The treaty includes rules for when a permanent establishment (PE) is triggered as a result of the provision of services and exploration or exploitation of natural resources. It also has rules for the taxation of passive income and profits from the sale of shares.
On 10 February 2022, Colombia and Luxembourg signed a double tax treaty (DTT), aimed at reducing taxation on transactions and investments between both countries, without creating opportunities for non-taxation, including treaty shopping.
Recognized pension funds may be considered residents under the DTT. In addition, collective investment vehicles treated as a legal entity for tax purposes in the country of incorporation will be considered tax residents of that country and the beneficial owners of the item of income received under the DTT.
For dual resident entities, the DTT requires tax residency to be determined under a mutual agreement procedure. In the absence of an agreement, the entity will not be entitled to the DTT’s benefits.
The DTT includes an anti-contract-splitting rule for construction activities and services. Under these rules, a PE will be triggered if activities are carried out for a period or periods totaling more than 183 days for construction, and more than 120 days for services, in 12 months. The DTT includes a separate rule for independent personal services (including professional services), under which a contracting state will have a taxable fixed base. If the independent or professional personal services are carried out for more than 120 days in 12 months, a taxable fixed base will be triggered.
The DTT includes a special rule for the exploration and exploitation of natural resources (including the operation of substantial equipment), under which a PE is triggered in the contracting state where the activities are carried out for a period or periods exceeding 120 days in 12 months.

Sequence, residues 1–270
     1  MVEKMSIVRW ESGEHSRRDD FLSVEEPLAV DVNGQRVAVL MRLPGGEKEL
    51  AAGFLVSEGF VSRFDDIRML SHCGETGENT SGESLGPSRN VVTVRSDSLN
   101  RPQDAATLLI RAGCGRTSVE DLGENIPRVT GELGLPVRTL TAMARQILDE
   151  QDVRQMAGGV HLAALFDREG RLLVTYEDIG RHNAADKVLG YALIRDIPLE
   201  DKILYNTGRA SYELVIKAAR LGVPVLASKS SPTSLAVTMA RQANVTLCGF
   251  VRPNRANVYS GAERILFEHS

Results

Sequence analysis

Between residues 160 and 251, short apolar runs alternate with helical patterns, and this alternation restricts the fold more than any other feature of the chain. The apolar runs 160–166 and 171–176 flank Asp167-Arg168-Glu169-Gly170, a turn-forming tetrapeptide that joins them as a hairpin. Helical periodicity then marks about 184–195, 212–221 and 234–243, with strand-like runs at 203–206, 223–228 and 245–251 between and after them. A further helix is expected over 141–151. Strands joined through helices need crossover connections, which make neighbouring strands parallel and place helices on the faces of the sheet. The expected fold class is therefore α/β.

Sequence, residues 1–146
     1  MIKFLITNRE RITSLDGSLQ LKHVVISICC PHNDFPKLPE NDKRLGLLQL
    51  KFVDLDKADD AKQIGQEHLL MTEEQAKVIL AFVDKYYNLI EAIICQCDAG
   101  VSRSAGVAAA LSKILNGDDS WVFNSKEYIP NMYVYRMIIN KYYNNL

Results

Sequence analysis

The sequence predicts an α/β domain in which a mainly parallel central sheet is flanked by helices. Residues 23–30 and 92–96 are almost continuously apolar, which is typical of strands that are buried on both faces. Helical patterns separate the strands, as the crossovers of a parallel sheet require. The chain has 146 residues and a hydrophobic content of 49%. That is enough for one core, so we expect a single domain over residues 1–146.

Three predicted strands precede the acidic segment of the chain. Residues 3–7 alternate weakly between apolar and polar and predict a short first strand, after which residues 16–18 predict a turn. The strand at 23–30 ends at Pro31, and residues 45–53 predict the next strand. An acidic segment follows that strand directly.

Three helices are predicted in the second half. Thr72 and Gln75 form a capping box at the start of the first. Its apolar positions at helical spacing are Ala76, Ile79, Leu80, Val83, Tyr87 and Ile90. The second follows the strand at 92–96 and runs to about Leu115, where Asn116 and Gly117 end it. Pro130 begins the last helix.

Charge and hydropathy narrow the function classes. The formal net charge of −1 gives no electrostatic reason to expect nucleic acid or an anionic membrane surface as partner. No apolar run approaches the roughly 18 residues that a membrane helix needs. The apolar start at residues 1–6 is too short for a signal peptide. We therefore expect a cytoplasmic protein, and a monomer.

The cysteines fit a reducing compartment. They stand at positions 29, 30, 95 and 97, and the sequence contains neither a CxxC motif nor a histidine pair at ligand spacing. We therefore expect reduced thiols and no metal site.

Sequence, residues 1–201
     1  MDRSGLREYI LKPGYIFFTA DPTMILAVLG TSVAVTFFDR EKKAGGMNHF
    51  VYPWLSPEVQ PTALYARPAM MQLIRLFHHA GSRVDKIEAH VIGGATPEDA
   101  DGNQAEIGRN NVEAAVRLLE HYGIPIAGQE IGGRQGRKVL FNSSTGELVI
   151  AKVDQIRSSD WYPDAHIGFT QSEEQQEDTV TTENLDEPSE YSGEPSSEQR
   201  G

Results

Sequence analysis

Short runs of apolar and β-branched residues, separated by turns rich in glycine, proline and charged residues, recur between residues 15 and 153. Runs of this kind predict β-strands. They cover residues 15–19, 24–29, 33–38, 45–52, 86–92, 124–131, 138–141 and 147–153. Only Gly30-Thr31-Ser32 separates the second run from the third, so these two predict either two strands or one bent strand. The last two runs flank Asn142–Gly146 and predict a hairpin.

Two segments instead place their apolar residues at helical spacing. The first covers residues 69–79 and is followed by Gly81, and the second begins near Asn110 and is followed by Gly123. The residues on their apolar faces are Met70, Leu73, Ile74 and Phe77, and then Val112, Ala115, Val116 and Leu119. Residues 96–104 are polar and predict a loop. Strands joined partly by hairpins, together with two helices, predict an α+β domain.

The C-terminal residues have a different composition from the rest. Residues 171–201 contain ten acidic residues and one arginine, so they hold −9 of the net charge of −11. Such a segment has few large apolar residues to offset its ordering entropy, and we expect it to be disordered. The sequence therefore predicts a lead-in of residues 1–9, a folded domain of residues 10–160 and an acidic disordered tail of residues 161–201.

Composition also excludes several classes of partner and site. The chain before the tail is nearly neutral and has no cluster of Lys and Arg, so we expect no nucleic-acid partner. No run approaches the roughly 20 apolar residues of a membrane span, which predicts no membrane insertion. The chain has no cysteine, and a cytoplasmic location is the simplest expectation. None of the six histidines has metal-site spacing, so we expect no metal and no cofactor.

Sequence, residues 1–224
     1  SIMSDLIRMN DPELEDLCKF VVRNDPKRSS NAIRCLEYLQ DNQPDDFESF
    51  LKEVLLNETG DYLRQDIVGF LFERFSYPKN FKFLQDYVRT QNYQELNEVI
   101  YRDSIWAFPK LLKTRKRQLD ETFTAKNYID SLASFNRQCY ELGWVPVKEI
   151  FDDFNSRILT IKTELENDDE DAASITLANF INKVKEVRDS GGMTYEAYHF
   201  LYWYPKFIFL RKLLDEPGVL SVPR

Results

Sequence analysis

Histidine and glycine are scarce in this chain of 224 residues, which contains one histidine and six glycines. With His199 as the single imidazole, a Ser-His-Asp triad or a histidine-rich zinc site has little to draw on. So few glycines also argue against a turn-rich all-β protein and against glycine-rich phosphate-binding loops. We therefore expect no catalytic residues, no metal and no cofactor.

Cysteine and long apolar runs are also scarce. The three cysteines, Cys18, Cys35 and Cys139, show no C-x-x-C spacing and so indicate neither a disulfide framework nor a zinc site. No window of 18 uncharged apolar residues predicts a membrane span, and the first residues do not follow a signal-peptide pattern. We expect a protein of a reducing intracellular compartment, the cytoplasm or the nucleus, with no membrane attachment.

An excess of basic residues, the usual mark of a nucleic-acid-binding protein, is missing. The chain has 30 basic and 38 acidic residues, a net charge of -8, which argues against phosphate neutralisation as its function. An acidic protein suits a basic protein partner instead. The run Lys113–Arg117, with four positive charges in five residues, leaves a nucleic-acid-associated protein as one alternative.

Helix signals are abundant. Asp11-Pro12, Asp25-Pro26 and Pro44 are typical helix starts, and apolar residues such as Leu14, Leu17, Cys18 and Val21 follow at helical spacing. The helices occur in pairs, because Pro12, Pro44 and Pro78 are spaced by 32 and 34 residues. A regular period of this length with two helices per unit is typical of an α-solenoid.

Following the guidelines of the Organisation for Economic Co-operation and Development’s Base Erosion and Profit Shifting (BEPS) plan, the DTT broadens the agency PE concept to include scenarios in which the agent habitually plays a main role in the conclusion of contracts. Furthermore, the DTT provides an “anti-fragmentation clause” for preparatory or auxiliary activities, meaning those activities may be considered complementary functions that are part of a cohesive business operation.
The DTT establishes that, subject to the agency PE rules, if an insurance enterprise of a contracting state collects premiums in the other contracting state, or insures risks located in that territory through a person, the enterprise should be deemed to have a PE in the other contracting state. This provision does not cover re-insurance premiums. The DTT, however, states that re-insurance premiums will be taxable in Colombia, even in the absence of a PE.
Taxation of passive income
Under the DTT, the following withholding tax rates will apply to passive income:
|Income type||Applicable tax rates||When the rate applies|
|Dividends (i) (ii)||0%||The beneficial owner is a recognized pension fund.|
|5%||The beneficial owner is a company (not a partnership) that holds directly 20% or more of the capital of the company paying the dividends over 365 days, including the day of the dividend payment (the 365-day period does not take into account changes of ownership that result from a corporate reorganization).|
|15%||All other cases|
Technical services, technical assistance, consulting, and management services (iii)
|10%||The beneficial owner is a resident of the other contracting state.|
Distributions of profits from a PE/branch to its home office will be treated as dividends for purposes of the DTT.